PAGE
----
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I was a builder, with a young family, and a mortgage when I got the call to full-time ministry, and I thought there was no chance I could do that. But then when God wants something, you can’t turn your back on it.

For me, I knew I didn’t want to be ordained.

But I wanted to share the good news of the gospel to ordinary people.

I’m not an academic person, I’m a practical, pragmatic person, and so the training suited me where I could put into practice what I learnt from lectures. I thought the training was second-to-none. I still look back on it and I draw from it even now.

I’m now in parish ministry in Bermondsey, South East London. The vicar who approached me for the role wanted a CA officer because he really valued the work of Church Army – whether traditional parish ministry or it’s work on the fringes – it was the deep commitment and focus on evangelism that he most admired.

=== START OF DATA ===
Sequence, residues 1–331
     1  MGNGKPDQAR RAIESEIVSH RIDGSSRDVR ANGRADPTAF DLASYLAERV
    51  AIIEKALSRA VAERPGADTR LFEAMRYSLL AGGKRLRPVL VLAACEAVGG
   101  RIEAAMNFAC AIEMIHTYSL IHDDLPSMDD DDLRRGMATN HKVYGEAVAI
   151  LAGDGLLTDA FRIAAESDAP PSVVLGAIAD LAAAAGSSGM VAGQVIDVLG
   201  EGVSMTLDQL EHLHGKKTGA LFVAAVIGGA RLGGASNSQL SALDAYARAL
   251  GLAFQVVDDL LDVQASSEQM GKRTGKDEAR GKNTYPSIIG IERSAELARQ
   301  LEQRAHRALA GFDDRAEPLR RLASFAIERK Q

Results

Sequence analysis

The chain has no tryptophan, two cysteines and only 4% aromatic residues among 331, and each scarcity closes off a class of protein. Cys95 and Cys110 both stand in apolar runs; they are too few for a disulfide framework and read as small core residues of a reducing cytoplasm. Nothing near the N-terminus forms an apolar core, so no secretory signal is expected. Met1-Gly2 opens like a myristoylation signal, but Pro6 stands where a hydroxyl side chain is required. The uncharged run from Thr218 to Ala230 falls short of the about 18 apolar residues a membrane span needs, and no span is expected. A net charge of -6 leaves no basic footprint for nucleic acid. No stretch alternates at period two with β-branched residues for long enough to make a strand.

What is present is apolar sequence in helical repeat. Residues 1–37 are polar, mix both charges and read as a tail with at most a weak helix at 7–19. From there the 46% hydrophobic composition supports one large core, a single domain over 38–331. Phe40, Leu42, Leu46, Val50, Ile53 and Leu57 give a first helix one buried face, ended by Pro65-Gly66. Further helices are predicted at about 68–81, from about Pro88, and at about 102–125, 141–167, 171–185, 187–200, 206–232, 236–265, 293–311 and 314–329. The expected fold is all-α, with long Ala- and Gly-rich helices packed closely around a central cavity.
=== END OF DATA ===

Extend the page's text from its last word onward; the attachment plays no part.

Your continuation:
24 years as a commissioned evangelist has been a very positive time. Obviously, there’s been challenges but I’ve not been overwhelmed. It’s been a fulfilling experience seeing people’s lives changed and transformed, supporting people to a living faith, and growing in discipleship.

I feel there would be a gap left, that couldn’t be filled by another organisation, if Church Army wasn’t here. It is the speciality for the lost that is at the heart of Church Army. Because the lost wouldn’t hear the message; they’re out there but they’re a long way away from church, and they need us to step in and fulfil that commitment of Jesus to reach out to them.

Paul Warren, Church Army Evangelist

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📍 Scunthorpe🏴󠁧󠁢󠁥󠁮󠁧󠁿

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Those who come to us are a mix of ex-offenders, recovering addicts who’ve lost their homes, the vulnerably housed and the homeless. They come to our weekly drop-in for breakfast, rounds of toast and plenty of tea and coffee.

Recently, in honour of one of our volunteers Dezzy – he was Church Army’s 2022 volunteer of the year – we set up Westcliffe Pantry. When Dezzy first came to us, he was a real lost soul, but he came back to life volunteering with us. If it hadn’t been for this place, I think we’d have lost him a long time ago.